Store Extra Student Supplies in Ziploc Baggies
This was a huge help last year! I feel like the longer the kids keep ALL of their supplies at their seats, the quicker they blow through them. I started off the year having a gallon Ziploc baggie with each child's name on an Avery label so it was easy to see. I had them keep their scissors, some pencils, ONE big eraser, a glue stick, a dry erase marker, and anything else we might use on a daily basis. They put these supplies in their pencil box or pouch. Plenty of room!
Then, I had them put all of the "sometimes" or extra supplies in their labeled Ziploc bag. I'm not a huge fan of community supplies (unless I provide them myself) and this ensures that every child still has access to their supplies when they run out. But only having access to a limited amount of supplies from the beginning helps them keep better track of their stuff... and it's less stuff for them to be distracted by! When we need markers or crayons or colored pencils, it's super easy to send each kid to grab their bag out of the cabinet and go! This may not work as well for younger grades who use markers and such daily, but it works for my fourthies! You could always have them keep their markers and such in their supply box too... but no one needs 48 pencils and a dozen cap erasers in their desk all year long!
Create Multiple New Student Kits & Label Sets
It wasn't until I switched districts that I realized how frequently students can transition in and out of schools. I was very sheltered and completely surprised when I had 4 roster changes my first year in my new school! I was NOT prepared.
Beginning when I print my Open House Flipbook and Meet the Teacher Newsletters, I create 5-6 extra copies of all back to school night handuts. I get a gallon Ziploc bag of all these items and begin my extra parent information packs. I even include extras of my Welcome to School gift (usually a Bitmoji note with a sucker) to ensure new kiddos feel welcomed even without the typical back to school night. I throw in some of the school pamphlets and some extra school supplies in case they come with nothing. This allows me to grab a packet the very first day and send it home with students so their families can get to know their new teacher and classroom.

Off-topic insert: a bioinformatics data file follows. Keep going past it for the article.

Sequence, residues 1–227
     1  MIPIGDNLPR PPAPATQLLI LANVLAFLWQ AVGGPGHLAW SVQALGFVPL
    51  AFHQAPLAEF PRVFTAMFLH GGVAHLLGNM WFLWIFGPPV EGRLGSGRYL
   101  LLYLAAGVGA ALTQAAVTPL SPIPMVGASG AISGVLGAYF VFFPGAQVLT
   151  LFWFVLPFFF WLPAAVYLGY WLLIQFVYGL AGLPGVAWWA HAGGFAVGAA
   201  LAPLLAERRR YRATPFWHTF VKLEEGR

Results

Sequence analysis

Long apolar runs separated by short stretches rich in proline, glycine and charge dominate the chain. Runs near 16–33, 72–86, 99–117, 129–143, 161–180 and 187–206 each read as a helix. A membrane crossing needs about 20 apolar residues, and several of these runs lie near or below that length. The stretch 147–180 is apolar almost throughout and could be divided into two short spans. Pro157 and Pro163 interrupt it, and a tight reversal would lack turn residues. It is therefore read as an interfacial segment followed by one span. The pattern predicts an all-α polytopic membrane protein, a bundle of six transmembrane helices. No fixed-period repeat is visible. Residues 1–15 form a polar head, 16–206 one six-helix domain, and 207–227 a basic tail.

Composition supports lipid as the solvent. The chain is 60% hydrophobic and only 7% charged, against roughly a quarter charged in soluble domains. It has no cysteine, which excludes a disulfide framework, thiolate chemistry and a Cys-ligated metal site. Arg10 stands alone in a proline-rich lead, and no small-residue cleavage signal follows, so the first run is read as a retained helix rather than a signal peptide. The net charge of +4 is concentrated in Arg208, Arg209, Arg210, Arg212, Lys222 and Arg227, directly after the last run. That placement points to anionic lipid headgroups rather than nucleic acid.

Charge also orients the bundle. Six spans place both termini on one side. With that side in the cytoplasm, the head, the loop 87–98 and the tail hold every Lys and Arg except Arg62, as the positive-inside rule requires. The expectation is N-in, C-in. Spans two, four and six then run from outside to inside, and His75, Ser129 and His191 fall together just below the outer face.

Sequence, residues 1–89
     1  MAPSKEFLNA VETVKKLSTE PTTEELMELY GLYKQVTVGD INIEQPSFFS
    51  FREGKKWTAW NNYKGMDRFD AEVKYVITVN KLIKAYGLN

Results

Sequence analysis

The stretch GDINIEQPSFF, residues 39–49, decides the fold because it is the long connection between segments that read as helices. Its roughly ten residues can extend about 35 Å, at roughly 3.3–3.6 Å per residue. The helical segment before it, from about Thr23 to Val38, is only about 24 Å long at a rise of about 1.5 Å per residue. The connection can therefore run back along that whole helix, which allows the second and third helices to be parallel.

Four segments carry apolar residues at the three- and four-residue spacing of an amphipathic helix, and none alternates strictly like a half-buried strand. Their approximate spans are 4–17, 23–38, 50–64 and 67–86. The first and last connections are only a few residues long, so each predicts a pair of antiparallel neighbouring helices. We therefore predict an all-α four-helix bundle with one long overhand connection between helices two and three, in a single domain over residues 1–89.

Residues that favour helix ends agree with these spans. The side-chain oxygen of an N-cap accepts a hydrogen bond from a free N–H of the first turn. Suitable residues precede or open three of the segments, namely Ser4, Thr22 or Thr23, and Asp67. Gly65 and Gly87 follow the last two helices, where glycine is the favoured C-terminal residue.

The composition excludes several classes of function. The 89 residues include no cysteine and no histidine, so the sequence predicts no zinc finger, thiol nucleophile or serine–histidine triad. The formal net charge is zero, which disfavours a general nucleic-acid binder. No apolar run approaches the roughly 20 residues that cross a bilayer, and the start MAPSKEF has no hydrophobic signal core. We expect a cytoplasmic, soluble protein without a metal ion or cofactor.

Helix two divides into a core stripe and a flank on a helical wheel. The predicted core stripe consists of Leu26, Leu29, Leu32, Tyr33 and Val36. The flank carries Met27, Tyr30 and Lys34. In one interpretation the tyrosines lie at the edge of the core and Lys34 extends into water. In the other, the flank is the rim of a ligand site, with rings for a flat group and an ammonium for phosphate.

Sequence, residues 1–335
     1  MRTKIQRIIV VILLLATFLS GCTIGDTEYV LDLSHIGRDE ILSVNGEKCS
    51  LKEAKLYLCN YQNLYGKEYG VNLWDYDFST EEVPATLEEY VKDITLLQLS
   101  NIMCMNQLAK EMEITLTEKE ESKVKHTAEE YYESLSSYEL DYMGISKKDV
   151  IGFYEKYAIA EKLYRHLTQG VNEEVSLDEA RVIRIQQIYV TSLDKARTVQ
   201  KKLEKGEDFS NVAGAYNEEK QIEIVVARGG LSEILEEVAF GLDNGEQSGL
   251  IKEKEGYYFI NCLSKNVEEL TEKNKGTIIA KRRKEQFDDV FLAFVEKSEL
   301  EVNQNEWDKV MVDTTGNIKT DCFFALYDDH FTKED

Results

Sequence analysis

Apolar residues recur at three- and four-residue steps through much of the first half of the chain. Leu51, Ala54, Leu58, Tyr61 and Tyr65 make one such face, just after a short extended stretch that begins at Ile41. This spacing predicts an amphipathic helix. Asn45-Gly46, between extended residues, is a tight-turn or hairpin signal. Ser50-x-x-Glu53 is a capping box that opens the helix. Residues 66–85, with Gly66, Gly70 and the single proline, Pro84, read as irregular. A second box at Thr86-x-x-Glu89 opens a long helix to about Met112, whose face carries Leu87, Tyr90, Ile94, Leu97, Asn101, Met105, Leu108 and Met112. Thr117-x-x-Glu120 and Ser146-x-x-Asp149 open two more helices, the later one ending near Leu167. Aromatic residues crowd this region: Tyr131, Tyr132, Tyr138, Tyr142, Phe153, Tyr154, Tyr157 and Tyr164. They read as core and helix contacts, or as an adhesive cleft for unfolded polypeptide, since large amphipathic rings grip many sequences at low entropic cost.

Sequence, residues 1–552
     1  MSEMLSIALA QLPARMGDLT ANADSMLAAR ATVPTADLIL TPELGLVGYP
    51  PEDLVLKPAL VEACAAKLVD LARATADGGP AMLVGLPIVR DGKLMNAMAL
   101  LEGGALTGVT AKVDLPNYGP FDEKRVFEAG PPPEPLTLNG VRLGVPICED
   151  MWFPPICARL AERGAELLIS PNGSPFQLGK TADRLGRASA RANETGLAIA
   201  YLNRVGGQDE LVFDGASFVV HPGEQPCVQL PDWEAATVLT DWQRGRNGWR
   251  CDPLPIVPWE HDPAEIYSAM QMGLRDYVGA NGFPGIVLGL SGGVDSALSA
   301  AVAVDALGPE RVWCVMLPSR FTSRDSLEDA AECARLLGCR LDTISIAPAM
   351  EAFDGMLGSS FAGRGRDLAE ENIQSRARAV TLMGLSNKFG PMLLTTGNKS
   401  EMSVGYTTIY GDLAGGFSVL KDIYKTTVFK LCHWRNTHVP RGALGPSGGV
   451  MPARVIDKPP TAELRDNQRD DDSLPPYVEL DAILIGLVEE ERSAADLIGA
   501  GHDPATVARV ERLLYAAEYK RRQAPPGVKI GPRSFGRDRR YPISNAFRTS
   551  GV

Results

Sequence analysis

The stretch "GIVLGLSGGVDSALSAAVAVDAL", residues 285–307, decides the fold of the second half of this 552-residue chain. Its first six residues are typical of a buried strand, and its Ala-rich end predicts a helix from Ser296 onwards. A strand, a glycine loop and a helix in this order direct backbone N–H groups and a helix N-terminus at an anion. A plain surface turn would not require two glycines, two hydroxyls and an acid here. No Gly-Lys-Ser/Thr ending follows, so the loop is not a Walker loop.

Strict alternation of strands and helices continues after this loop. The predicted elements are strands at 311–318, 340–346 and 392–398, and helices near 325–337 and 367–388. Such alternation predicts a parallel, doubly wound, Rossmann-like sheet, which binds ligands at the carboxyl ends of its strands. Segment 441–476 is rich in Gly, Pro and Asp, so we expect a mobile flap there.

The second thing I do is assemble a PowerPoint document that has ALL of the name labels I use on one document. I do this by either using the Snipping Tool to copy all of the pictures onto one page OR I copy each slide I need into one central document and name it "New Student 2020." This allows me to easily make all of the name labels I need quickly when I am informed of a new student. It really makes the kids feel welcome if I had enough notice to print and laminate their nameplates before they even arrived! I know often we get kids at the very last minute, but this document saves me tons of time in the event that I do have a day or two of notice!
Create Master Folder of Frequently Copied Items
I always begin the year with a master folder of frequently copied items. In my folder is my student checklists for each subject, any PBS bucks our school uses, parent contact logs, behavior forms, and anything else I find myself looking for frequently. It's always such a relief when I don't have to look for this. Sometimes I even keep this folder in my mailbox in the copy room so it is easily accessible when I need it.
Master Sub Plans and Emergency Copies
In keeping with the "masters" theme, this is the time of year to make master sub plans and emergency copies for those times you are too sick to come up with other material. I like to keep an Emergency Sub Tub with labeled hangong folders for each subject area I teach. I will add items to each section, for example, after we finish place value, I will add some independent place value practice that we may not have gotten to complete. I go ahead and copy a complete class set so that it's ready to go. This ensures that the practice pages in the emergency tub is material the students have seen and will require no fresh teaching from in the event that I do not have time to write plans (like a puking kid at 6AM!) I add to this throughout the year so there is a variety of choices when my plans read: Math - pull an activity or two from the bin!